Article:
The 25-year-old Alfred Hitchcock had done nearly every job on the studio floor by the time he was given his first directing job by the Gainsborough studio boss Michael Balcon – he had designed titles, written scripts, art directed and had been assistant director to the studio’s most successful director, Graham Cutts. His first assignment was an adaptation of the bestselling 1923 novel by Oliver Sandys, the pseudonym of Marguerite Florence Barclay.
The fates of two chorus girls fall into sharp relief – Jill, the schemer, finds success, and Patsy, the good-hearted girl, is betrayed by her unscrupulous husband. Hitchcock’s confident filmmaking style is evident from the first frame, with a cascade of chorus girls’ legs tripping down a spiral staircase, but it is his ability to condense the story and then to weave in extra layers of meaning that is truly impressive.
The Pleasure Garden is a conventional enough story of the period – as Hitchcock conceded: ‘Melodramatic. But there were several interesting scenes in it’. He may not have cared much for the subject matter but he certainly gave it an extra dimension – The Pleasure Garden is a treatise on voyeurism, sexual politics and the gap between romantic dreams and reality. Hitchcock uses the minor characters to comment on the principals, to contrast the behaviour of the ‘good’ and ‘bad’ characters through the use of parallel action. T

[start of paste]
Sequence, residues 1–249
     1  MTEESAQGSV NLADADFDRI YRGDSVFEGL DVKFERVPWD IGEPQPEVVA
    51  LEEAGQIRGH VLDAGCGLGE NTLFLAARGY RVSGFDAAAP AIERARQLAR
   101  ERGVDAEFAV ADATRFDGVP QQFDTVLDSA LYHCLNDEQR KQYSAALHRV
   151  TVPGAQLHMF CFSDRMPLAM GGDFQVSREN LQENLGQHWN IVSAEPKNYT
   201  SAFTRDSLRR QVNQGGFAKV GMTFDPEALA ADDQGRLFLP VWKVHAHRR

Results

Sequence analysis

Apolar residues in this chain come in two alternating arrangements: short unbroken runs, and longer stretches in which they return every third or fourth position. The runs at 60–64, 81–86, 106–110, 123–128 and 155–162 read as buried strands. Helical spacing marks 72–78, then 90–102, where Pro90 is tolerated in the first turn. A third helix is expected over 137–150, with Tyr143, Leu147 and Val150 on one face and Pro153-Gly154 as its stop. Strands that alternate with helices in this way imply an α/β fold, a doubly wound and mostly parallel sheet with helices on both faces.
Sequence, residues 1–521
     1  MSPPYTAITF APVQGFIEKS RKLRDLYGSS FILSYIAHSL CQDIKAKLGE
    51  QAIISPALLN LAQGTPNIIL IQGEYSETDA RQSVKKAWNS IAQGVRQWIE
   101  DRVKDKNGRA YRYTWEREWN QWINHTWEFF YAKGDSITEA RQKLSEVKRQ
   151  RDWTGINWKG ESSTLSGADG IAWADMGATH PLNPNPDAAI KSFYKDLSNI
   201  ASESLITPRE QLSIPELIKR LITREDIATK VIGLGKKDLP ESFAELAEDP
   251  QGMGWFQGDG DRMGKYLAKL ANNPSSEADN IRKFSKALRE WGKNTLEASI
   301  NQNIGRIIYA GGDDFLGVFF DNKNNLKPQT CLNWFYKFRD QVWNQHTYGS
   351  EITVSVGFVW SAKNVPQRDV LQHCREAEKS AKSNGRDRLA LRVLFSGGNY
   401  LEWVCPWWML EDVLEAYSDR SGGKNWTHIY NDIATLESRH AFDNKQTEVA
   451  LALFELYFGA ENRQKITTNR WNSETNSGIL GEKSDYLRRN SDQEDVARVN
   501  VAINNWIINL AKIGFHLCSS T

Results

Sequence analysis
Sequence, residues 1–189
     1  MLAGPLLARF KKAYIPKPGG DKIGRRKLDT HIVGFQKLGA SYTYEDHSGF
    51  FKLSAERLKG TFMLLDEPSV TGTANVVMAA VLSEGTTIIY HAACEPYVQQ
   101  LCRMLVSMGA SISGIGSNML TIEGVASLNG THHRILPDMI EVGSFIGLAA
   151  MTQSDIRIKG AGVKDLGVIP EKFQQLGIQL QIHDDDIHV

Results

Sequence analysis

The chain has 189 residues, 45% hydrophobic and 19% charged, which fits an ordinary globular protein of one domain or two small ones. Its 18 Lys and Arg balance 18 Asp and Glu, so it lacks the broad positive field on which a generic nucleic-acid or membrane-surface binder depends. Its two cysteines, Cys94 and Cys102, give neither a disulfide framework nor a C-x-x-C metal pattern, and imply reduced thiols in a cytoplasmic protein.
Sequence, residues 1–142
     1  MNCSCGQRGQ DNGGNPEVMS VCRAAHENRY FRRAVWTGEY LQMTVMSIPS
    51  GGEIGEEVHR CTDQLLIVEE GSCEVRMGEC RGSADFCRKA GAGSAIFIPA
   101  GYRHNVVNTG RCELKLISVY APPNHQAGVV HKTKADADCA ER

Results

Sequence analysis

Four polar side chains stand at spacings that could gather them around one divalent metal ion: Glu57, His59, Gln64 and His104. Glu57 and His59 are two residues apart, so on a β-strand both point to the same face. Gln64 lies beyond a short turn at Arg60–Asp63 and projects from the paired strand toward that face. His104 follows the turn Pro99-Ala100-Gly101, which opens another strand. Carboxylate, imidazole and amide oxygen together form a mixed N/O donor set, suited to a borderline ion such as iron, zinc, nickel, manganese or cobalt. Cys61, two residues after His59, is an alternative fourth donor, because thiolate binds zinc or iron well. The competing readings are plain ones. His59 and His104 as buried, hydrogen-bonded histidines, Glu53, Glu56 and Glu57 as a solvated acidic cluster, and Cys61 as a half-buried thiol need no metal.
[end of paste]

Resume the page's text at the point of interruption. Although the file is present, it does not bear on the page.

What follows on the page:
he shot of the casually discarded apple, one bite taken from it, effectively symbolises Patsy’s husband’s disregard for her on their wedding night, and hints at his future conduct. It also fits into a scheme of visual images of ‘natural’ elements, such as fruit and flowers, that Hitchcock uses to express the Patsy’s character. The restoration has enabled us to reintroduce many of these little flourishes and Hitchcock ‘touches’, revealing how much of his talent was present in his very first film as director.
It was presumably this kind of artiness that C.M. Woolf, one of the partners in the early Gainsborough enterprise, took against and he postponed the release of the film for over a year. The reaction from other quarters was much more positive. The Daily Express in their review of The Pleasure Garden saw the cleverness that we see now and dubbed Hitchcock the ‘Young Man With a Master Mind’. His career was launched.